“One man’s trash is another man’s treasure.”
This is especially true when it comes to recycling old, cast off furniture. This buffet wasn’t the prettiest thing in the world when we found it, sans some hardware and properly closing drawers:
Somebody had deposited it on the curb in Minneapolis and walked away; that’s okay because as soon as we saw it, visions of an epic upcycle danced through our heads.
It had some scratches and dings which we filled with wood putty and then sanded until smooth. B put his carpentry skills to work, fixing the drawers and doors so they operated smoothly. We sanded the entire buffet, actually—not crazily, but enough to scuff up the surface. Then came the bonding primer followed by two coats of Benjamin Moore gray paint and two coats of polyurethane. We also painted the inside for a nice, clean finish:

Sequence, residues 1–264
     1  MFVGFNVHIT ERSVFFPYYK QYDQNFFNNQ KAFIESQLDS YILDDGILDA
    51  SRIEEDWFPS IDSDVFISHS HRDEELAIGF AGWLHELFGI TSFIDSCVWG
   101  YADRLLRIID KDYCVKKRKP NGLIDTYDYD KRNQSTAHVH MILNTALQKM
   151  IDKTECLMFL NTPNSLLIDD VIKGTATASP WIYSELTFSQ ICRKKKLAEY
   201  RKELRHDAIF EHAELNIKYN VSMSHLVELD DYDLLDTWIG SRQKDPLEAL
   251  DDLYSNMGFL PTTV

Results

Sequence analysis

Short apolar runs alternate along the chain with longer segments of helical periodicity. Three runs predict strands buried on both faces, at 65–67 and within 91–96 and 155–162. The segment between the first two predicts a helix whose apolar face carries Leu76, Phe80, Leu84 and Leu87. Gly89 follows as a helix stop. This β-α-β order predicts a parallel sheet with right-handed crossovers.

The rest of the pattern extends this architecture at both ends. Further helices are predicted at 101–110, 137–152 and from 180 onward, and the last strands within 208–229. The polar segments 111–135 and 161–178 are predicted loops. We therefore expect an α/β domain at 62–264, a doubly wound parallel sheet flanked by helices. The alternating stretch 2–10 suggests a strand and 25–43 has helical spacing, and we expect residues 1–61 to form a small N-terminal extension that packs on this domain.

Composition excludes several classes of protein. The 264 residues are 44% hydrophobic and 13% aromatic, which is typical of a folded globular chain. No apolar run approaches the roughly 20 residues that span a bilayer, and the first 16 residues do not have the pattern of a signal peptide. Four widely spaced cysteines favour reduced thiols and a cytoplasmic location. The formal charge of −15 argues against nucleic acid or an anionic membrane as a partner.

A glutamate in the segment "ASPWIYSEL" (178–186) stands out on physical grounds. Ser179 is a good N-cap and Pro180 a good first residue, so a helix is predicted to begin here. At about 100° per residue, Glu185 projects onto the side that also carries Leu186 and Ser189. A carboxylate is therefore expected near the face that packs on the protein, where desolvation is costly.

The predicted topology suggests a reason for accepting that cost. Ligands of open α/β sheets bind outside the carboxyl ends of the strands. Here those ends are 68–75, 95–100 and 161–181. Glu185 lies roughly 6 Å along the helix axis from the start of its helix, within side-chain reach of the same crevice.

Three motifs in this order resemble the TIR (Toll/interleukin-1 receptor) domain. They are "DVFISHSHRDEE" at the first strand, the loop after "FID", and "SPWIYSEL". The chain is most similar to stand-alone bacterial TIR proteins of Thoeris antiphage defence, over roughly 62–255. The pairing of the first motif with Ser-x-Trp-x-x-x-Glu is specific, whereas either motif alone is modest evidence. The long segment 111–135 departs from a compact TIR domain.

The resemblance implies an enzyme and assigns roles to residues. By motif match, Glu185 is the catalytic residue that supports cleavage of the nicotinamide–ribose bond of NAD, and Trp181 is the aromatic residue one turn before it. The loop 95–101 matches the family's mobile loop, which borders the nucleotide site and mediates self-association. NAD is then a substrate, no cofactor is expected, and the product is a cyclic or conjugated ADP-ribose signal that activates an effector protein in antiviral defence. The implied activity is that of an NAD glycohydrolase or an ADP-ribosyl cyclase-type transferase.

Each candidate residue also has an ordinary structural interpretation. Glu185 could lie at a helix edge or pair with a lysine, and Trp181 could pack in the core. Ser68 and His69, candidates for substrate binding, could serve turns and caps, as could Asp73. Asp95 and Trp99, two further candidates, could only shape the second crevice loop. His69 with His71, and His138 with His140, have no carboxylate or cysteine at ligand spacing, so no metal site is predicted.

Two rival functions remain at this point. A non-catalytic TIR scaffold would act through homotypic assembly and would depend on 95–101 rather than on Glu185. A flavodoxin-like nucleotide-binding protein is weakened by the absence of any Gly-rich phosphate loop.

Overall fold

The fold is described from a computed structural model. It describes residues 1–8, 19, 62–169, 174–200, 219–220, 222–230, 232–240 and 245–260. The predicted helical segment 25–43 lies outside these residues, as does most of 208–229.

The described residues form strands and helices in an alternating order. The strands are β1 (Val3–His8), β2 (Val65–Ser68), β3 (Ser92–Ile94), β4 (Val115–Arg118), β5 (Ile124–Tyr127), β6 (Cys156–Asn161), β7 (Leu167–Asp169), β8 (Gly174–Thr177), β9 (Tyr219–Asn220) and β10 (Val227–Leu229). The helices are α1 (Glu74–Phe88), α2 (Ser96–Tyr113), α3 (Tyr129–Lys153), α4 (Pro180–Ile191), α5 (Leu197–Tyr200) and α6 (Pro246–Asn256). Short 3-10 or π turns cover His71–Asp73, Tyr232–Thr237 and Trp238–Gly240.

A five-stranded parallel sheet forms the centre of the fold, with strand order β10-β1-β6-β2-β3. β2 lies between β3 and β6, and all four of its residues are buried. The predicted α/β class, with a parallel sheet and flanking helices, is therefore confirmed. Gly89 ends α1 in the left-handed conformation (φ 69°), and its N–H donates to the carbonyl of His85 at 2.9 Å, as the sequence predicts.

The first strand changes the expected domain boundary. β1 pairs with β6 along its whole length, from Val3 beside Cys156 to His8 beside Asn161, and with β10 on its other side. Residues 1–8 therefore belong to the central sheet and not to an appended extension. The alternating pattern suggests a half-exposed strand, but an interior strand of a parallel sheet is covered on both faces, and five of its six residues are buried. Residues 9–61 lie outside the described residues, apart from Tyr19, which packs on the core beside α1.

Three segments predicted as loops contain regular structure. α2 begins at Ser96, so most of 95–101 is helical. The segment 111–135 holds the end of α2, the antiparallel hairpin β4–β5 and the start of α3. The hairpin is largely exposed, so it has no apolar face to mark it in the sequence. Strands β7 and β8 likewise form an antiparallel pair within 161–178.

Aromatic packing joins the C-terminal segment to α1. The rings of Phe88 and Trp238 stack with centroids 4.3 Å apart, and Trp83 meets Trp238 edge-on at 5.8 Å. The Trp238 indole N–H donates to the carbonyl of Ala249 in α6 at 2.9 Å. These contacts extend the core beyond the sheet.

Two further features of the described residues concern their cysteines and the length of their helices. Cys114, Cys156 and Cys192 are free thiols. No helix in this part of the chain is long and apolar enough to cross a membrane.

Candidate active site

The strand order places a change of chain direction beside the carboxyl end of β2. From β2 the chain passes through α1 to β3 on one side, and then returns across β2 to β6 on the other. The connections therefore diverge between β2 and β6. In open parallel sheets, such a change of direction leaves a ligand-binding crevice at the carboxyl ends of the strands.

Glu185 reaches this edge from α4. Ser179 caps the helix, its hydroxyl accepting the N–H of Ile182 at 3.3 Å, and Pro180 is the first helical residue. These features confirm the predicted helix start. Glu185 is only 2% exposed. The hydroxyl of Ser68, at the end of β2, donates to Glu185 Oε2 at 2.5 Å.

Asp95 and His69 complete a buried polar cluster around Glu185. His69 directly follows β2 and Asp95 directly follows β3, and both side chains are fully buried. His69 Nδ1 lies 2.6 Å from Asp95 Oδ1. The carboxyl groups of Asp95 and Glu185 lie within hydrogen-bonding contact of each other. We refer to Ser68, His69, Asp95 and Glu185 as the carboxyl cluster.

The hardware was unique—so unique, it was unlikely we could find replacements for the missing handles. We weren’t crazy about the original matching white knobs, and so those were ditched altogether. We decided to use the handles only on the middle drawers and to look for something complimentary for the doors and the top drawers:
We looked no further than the website for Lee Valley. This company is amazing—it is literally a mecca for seekers of beautiful and yet affordable hardware. A jewelry store for furniture, as it were.
The original hardware on the buffet was antique brass, and the finish on the newbies needed to match this. These antique ring pulls came in a variety of sizes—we ordered the smaller size for the top drawers and the larger size for the doors. One must keep scale in mind when accessorizing!
My own dining room is too small for much more than hungry children and a beautiful banquette bench B made to compliment the farmhouse table we made together. I DO indulge in daydreams of a future dining room that will be an enormous hall with plenty of room for a piece like this AND the hungry kids.